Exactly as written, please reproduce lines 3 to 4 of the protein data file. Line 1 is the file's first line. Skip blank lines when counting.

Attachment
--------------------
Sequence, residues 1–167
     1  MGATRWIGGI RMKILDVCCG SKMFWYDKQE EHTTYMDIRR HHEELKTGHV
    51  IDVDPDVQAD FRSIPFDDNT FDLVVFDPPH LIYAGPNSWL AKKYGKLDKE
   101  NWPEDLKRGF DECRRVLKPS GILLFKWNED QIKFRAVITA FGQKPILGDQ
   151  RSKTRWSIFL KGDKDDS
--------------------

    51  IDVDPDVQAD FRSIPFDDNT FDLVVFDPPH LIYAGPNSWL AKKYGKLDKE
   101  NWPEDLKRGF DECRRVLKPS GILLFKWNED QIKFRAVITA FGQKPILGDQ